Mid-East resolution stirs reaction

Palestinian women and children pass through the Bethlehem checkpoint in August 2012. Photo: Ryan Rodrick Beiler/Shutterstock
Palestinian women and children pass through the Bethlehem checkpoint in August 2012. Photo: Ryan Rodrick Beiler/Shutterstock
Published July 18, 2013

The resolution on peace and justice in Palestine and Israel, passed by the General Synod of the Anglican Church of Canada at its Ottawa meeting earlier this month, has met with mixed reactions from Palestinian and Israeli organizations.

The resolution reiterated the church’s established positions, recognizing “the legitimate aspirations, rights and needs of both Israelis and Palestinians to live in peace with dignity within sovereign and secure borders; condemning the use of all kinds of violence, especially against civilians; call[ing] for an end to the Israeli occupation of Palestinian Territories…”

It also called on Canadian Anglicans to take some new steps to:

  • educate the church about the impact of illegal settlements on the lives of both Palestinians and Israelis; about imported products identified as produced in or related to the illegal settlements and misleadingly labelled as produced in Israel; about the complexities of economic advocacy measures
  • explore and challenge theologies and beliefs, such as Christian Zionism, that support the Israeli occupation of Palestinian territories
  • explore and challenge theories and beliefs that deny the right of Israel to exist
  • and strengthen relationships with Canadian Jews and Muslims, to resolutely oppose anti-Semitism, anti-Arab sentiments and Islamophobia.

In response to the passing of the resolution, Nora Carmi, project co-ordinator for Kairos Palestine-not to be confused with the ecumenical social justice organization Kairos Canada-wrote to Archbishop Fred Hiltz, primate of the Anglican Church of Canada. On behalf of the Palestinian group, which she described as euphoric upon hearing the resolution, she thanked and congratulated the church for “managing to raise a prophetic voice and courageous…stand, at least on several issues, despite 27% of voters against.”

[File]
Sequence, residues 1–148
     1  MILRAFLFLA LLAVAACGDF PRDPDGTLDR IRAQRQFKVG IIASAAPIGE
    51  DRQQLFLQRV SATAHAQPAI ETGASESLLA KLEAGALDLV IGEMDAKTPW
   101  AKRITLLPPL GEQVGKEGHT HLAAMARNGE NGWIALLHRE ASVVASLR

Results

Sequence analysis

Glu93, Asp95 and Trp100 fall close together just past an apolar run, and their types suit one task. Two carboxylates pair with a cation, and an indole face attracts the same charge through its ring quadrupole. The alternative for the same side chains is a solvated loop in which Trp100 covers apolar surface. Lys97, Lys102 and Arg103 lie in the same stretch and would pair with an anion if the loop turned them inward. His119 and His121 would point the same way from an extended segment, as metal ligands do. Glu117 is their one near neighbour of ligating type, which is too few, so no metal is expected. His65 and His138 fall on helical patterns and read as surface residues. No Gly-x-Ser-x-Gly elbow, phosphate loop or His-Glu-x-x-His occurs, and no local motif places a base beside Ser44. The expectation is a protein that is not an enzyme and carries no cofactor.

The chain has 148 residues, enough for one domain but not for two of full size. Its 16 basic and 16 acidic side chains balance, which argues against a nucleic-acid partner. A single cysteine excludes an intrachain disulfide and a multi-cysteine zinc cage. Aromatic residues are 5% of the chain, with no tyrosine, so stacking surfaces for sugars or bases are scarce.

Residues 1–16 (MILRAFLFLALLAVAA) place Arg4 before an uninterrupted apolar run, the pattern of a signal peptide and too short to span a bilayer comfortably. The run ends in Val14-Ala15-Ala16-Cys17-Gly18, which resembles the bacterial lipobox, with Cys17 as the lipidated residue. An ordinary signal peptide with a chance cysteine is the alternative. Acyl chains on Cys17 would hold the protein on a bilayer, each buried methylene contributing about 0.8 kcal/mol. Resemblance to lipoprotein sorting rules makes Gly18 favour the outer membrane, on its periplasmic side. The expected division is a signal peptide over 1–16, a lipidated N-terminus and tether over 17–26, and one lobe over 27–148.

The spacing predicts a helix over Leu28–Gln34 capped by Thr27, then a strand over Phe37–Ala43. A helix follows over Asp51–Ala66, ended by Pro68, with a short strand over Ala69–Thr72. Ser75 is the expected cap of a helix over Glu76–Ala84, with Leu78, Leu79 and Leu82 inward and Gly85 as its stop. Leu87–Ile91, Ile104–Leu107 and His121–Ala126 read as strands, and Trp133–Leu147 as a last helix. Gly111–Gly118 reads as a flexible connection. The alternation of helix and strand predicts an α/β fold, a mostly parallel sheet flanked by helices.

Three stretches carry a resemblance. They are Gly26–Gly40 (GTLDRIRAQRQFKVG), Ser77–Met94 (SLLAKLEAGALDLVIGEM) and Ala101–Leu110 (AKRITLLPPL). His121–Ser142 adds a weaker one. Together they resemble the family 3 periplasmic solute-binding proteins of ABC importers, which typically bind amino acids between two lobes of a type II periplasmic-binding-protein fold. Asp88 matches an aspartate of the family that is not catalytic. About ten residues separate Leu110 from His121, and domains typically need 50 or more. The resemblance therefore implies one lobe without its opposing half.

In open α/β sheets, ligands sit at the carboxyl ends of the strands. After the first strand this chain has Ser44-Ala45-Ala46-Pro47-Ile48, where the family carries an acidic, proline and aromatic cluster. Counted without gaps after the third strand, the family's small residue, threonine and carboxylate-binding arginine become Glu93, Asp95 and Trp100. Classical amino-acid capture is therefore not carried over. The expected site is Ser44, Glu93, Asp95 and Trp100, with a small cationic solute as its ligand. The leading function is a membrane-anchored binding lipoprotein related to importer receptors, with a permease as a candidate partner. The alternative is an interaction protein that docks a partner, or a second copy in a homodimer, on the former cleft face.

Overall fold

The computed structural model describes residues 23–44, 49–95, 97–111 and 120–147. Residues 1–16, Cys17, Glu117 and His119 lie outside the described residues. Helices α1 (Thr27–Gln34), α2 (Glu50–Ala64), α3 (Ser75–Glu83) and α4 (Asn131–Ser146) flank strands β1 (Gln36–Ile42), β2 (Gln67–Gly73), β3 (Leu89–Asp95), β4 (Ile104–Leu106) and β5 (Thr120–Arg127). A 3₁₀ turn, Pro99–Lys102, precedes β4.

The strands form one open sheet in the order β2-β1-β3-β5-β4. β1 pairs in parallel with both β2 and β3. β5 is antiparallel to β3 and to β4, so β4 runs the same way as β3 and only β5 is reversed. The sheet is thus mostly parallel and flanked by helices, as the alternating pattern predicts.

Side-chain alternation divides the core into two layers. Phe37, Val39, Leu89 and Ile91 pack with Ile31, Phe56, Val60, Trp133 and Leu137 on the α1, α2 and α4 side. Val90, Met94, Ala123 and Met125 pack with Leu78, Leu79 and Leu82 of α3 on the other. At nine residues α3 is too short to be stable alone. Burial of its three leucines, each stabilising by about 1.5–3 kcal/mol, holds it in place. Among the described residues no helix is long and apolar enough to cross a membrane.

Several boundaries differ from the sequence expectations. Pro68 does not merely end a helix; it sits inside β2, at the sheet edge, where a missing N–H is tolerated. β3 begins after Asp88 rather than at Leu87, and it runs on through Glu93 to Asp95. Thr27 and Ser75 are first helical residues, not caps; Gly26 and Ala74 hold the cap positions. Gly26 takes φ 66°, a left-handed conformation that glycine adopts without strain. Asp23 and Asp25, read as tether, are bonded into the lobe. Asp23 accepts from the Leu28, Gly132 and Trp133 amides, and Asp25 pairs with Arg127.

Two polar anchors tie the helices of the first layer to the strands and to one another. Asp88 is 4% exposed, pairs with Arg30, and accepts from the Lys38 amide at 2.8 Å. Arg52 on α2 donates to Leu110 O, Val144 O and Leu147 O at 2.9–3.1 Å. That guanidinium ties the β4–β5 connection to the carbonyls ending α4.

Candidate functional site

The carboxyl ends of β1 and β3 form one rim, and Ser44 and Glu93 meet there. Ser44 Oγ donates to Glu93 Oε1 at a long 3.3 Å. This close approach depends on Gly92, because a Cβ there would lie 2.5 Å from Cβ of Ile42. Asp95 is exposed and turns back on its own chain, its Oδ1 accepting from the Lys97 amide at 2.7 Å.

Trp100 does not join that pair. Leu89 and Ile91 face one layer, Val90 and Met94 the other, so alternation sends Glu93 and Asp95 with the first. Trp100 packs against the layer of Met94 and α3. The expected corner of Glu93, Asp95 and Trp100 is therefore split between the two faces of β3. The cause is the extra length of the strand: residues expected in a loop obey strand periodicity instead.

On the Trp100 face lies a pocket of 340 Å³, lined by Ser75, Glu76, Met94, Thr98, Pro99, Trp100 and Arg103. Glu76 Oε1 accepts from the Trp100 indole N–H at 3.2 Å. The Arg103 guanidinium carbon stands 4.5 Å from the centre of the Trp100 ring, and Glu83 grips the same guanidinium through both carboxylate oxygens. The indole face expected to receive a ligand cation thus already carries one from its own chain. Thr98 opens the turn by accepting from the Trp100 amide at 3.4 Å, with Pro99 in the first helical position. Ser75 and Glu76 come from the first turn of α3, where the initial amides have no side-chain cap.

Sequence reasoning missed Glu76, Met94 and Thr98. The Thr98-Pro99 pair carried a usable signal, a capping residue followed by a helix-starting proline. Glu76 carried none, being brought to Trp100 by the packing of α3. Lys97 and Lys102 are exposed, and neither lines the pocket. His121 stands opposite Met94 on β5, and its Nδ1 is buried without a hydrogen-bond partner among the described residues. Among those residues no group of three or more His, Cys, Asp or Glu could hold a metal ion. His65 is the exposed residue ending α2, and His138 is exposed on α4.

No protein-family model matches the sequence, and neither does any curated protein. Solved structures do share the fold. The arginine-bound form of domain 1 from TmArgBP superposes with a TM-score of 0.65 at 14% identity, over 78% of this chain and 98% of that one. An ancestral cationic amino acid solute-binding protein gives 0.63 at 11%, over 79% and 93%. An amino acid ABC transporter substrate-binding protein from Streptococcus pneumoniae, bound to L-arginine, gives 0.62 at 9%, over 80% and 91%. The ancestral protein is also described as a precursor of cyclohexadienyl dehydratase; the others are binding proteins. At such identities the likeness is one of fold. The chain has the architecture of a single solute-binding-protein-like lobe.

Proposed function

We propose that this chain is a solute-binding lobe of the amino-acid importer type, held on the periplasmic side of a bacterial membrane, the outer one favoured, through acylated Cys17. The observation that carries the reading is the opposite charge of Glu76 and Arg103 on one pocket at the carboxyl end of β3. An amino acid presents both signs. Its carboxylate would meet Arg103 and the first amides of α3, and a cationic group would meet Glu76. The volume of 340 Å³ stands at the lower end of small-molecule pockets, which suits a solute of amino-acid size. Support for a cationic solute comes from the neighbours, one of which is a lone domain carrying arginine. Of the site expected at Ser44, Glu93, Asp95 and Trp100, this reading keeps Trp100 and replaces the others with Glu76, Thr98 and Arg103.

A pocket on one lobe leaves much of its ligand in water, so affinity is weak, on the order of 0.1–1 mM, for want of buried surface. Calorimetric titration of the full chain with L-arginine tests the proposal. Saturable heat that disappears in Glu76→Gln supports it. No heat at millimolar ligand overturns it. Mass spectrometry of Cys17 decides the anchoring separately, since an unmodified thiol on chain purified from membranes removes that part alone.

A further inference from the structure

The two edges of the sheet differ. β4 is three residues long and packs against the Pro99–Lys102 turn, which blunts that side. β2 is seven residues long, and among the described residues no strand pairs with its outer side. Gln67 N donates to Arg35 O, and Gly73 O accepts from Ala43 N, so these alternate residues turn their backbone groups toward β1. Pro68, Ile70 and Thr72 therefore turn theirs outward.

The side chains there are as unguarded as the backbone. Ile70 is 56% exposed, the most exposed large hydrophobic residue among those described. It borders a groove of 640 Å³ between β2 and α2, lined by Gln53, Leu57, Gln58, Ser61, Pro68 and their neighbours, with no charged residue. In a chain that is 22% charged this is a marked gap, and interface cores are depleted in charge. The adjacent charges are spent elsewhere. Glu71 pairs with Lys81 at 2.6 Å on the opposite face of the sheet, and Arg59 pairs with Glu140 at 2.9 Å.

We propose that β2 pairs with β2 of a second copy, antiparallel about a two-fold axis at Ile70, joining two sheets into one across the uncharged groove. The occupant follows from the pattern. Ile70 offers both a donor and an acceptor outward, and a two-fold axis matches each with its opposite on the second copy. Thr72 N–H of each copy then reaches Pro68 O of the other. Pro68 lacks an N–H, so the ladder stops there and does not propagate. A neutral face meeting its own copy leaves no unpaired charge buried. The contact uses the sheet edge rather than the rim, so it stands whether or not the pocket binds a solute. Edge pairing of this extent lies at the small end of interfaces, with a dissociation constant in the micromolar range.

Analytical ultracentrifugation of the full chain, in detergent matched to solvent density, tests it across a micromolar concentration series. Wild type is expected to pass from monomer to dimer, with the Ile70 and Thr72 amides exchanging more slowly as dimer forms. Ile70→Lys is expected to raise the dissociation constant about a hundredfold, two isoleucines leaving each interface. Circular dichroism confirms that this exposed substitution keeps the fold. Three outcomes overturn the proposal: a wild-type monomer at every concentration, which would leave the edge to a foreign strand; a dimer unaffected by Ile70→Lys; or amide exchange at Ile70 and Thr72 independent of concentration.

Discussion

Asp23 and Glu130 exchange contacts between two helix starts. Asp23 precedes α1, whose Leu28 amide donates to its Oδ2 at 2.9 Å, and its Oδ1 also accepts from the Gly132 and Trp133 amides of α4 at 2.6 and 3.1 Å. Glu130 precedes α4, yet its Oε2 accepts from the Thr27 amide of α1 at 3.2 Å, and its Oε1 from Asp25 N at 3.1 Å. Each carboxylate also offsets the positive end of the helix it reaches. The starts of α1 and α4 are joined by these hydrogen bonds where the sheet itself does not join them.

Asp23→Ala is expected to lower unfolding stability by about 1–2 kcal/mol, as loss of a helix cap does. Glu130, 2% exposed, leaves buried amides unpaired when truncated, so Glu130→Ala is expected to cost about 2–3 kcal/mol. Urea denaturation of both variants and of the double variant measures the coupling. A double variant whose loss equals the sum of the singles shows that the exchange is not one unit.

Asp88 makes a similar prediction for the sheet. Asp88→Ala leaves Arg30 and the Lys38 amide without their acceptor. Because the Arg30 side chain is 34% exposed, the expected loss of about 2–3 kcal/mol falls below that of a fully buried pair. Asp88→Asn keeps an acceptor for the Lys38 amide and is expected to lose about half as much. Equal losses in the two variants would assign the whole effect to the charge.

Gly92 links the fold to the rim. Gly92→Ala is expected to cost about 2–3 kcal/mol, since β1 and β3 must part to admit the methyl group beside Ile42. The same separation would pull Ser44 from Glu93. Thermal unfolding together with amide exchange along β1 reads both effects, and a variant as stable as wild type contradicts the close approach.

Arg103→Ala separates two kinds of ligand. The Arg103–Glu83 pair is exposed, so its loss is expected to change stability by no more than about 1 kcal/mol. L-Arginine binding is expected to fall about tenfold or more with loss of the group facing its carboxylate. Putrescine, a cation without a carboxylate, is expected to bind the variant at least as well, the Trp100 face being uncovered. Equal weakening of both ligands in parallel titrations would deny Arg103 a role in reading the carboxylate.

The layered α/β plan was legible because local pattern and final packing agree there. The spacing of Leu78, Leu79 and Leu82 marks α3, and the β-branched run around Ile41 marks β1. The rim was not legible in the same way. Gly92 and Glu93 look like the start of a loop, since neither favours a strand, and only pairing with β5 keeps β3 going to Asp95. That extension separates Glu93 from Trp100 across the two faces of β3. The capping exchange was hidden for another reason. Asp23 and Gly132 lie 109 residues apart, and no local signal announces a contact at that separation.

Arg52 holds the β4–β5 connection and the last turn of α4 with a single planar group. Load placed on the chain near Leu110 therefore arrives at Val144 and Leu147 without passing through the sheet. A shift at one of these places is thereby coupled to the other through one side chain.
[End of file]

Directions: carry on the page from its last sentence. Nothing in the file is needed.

Her letter also stated that the Kairos Palestine group hopes the church will move toward the “boycott, divestment and sanctions” stance. The Kairos Palestine group recommends such action as an “important element and non-violent tool” to accelerate ending the occupation of Palestinian territories. “These advocacy campaigns must be carried out with courage, openly sincerely proclaiming that their object is not revenge but rather to put an end to the existing evil, liberating both perpetrators and the victims of injustice,” she added, quoting from A Moment of Truth: Kairos Palestine.


Israel’s ambassador to Canada Miriam Ziv met in Toronto with Hiltz as well as the Anglican Church of Canada’s general secretary Michael Thompson, special advisor for government relations Laurette Glasgow and global relations co-ordinator Andrea Mann in the week following the General Synod meeting. When asked about the reason for the meeting, Hiltz emphasized to the Anglican Journal that the ambassador had planned to meet him prior to the Ottawa General Synod, but other commitments delayed the meeting.


Hiltz said that the meeting, which was closed to press, “was an initiative on her part to meet me in the interests of beginning to build a relationship.” He acknowledged that Ziv “was well aware, of course, of the resolution that was passed by the Synod.”